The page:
Devola sewer issue brought before City Council
Washington County Commission President Ron Feathers is hoping to meet soon with Marietta City Council to discuss ongoing issues with the Devola sewer project.
Feathers sent letters sent to council, which were addressed at the council’s water, sewer and sanitation committee Wednesday. In the letters he states a desire to readdress a Memorandum of Understanding drawn up and signed by commissioners in 2011, that county areas, like Devola, would be hooked into the city sewer system. The sewer system is the reason behind the wastewater treatment plant expansion.
According to Feathers’ letter, the timetables in the MOU are too aggressive and are no longer accurate, and he says it should be adjusted accordingly, to a less aggressive schedule.
Feathers said the correspondence never was intended to put a halt to hooking Devola into the sewer system.
“When this (MOU) was written in 2011, (the timetable) was probably pretty realistic,” he said. “But when you fast-forward to today, none of (the project) has been completed…I think we should start a discussion of what’s more realistic…so our citizens can be reassured.”
Feathers said the timeline included two phases in Oak Grove for December 2013 and December 2016, with Devola coming in during December of 2015.
Councilman Tom Vukovic, D-4th Ward, said Wednesday that he hoped that letter does not mean the county wants to back out of the intergovernmental agreement signed in 2011.
“I voted to increase the size of the sewer plant project because of the agreement with the county,” said Vukovic. “I raised the issue (at the committee meeting) only because of the letter.”
Councilman Mike McCauley, D-2nd Ward, said he helped get the original agreement together.
“The dates set are for when we would start to collect sewage into the plant (from the county),” said McCauley. “We’ll bill them the same thing we charge the citizens of Marietta.”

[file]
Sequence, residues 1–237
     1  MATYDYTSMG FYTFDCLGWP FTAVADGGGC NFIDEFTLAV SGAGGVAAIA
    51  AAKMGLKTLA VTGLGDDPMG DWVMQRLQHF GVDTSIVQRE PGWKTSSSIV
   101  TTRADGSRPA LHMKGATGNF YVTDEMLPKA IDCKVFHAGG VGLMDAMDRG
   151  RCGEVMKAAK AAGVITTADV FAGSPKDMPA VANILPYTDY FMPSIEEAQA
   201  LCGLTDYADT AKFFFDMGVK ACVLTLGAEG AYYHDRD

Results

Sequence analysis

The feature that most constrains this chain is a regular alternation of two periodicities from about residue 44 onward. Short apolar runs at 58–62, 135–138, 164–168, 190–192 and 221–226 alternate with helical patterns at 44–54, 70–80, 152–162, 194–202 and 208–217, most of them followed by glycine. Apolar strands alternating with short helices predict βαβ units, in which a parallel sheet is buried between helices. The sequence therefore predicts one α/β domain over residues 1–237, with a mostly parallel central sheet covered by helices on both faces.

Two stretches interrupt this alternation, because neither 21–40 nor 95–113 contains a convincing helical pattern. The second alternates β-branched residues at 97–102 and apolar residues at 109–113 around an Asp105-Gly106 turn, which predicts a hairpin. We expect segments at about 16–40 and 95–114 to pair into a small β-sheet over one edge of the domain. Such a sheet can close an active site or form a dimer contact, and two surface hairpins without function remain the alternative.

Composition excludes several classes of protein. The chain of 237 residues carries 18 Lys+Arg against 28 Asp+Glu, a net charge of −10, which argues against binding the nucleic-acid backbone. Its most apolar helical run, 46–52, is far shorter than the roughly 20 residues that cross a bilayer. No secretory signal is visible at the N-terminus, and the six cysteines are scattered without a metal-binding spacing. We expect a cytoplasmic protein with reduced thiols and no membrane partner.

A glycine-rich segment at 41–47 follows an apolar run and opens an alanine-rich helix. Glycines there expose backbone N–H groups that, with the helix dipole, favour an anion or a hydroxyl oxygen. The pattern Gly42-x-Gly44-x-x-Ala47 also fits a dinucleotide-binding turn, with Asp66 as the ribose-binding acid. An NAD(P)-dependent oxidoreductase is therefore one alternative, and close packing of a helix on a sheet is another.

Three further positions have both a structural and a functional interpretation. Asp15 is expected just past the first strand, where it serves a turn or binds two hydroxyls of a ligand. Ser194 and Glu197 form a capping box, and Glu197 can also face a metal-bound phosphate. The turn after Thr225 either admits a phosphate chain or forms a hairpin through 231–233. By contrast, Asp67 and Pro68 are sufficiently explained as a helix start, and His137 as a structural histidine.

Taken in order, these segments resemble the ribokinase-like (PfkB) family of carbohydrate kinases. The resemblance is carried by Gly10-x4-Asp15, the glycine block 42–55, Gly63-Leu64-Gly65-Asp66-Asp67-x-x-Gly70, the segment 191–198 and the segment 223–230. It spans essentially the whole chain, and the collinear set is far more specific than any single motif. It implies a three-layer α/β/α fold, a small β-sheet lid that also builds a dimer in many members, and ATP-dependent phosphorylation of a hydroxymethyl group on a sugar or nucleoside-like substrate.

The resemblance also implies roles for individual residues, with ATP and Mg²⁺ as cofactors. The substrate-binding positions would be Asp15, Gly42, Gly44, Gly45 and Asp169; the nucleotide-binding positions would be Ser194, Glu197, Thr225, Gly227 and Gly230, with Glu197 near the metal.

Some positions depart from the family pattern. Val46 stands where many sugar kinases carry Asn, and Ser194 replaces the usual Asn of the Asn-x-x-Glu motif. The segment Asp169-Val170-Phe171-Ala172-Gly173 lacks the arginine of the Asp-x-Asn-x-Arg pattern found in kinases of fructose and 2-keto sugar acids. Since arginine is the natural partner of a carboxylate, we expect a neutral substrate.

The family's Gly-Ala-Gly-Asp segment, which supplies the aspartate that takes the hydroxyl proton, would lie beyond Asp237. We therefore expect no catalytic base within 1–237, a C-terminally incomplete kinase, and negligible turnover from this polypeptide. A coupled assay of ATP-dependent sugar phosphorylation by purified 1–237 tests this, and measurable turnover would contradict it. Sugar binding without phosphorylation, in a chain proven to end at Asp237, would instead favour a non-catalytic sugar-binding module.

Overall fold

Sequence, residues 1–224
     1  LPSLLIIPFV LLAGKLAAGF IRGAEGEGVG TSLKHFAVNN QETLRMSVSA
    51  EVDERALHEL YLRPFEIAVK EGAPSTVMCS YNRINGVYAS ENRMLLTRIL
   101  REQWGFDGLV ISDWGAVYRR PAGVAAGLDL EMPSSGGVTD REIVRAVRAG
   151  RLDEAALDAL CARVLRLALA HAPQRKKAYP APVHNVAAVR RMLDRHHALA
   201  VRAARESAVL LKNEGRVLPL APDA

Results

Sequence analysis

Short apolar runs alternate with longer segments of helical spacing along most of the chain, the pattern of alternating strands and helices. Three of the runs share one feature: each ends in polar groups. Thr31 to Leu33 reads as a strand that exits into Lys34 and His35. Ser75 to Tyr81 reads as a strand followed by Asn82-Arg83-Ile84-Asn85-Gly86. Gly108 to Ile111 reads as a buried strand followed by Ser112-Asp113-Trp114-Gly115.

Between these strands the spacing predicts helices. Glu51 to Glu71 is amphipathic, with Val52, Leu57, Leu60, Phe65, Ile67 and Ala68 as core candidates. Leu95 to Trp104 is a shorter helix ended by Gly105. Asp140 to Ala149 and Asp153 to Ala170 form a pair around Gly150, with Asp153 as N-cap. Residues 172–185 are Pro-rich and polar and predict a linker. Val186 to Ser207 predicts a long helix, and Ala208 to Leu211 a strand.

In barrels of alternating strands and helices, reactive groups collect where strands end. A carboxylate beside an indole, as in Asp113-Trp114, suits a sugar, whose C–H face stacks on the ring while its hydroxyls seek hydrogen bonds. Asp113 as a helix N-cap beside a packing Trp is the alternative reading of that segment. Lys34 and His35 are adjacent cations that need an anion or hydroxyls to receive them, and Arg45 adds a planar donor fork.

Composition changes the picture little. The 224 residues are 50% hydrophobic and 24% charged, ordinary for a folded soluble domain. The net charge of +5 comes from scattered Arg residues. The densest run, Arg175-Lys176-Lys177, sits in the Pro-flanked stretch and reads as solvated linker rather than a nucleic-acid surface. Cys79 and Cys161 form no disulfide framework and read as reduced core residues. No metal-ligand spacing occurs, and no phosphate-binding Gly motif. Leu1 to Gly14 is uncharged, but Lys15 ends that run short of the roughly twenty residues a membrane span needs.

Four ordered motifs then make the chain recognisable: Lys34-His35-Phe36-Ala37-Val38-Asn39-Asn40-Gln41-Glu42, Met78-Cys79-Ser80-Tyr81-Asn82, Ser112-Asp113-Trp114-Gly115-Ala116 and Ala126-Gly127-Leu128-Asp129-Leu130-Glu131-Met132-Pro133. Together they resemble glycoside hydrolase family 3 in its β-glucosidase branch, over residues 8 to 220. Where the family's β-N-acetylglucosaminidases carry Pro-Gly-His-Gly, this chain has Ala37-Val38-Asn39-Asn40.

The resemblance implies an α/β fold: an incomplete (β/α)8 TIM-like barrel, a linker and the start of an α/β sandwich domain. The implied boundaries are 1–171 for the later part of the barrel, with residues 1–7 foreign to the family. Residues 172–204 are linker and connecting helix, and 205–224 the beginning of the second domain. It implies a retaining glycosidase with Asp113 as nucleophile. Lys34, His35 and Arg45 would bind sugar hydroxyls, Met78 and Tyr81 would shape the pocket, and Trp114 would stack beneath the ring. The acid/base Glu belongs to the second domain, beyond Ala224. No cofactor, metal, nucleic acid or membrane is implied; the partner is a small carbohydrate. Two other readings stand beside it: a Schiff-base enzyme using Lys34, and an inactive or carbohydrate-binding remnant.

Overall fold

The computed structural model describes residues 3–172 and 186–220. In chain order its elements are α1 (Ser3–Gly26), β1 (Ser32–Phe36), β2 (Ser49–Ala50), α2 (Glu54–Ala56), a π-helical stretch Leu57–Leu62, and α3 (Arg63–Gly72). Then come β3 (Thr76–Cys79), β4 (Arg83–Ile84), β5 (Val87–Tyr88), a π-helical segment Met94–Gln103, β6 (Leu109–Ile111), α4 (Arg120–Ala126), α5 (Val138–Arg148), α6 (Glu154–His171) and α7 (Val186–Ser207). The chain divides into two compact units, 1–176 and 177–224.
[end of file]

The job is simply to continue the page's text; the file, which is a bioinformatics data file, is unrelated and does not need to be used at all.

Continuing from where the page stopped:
McCauley said a problem now is that the plant is not bringing the flow in because none of the hookups have happened, except for a part of Devola that has already been a part of the sewer.
Feathers said part of the reason for the county signing the MOU in May 2011 is because of findings and orders from the Ohio Environmental Protection Agency saying the sewer in Devola was contaminating water in the community. Commissioners in partnership with the health department gained permission to do their own study, of which 158 Devola residents volunteered.
“(We were) only successful in getting 118 done because of the timeframe (and winter weather),” said Feathers. “We had from November until March of 2014…The (findings) report from the Ohio EPA was very favorable toward the community in regards to failing or totally failed septic systems. The ones that needed a little maintenance or needed pumped out…we identified those.”
Despite the good news on the septic systems, Feathers said it is in the cards to move ahead with the sewer project and said the commissioners are not trying to kill the project.
Muskingum Township Trustee Gary Doan said sitting down and really discussing the issue is going to be positive for the citizens of Devola.
“Of course, you have to be in favor of anyone sitting down and making it easier on Devola residents,” he said. “It’s a hot issue people are either in favor of or people are totally against. As far as (council and commissioners) sitting down, I’m in favor of that myself.”
Indeed, McCauley agreed that many residents he has spoken to definitely have mixed feelings and he would be willing to talk to the commissioners about the subject.
While Feathers said he can’t force council to meet with him so he can make members aware of Devola’s situation and discuss the MOU, he’s looking forward to the opportunity for discussion.
“I’m ready anytime, any day, as long as it’s not going to interfere with the work I do for the county,” he said.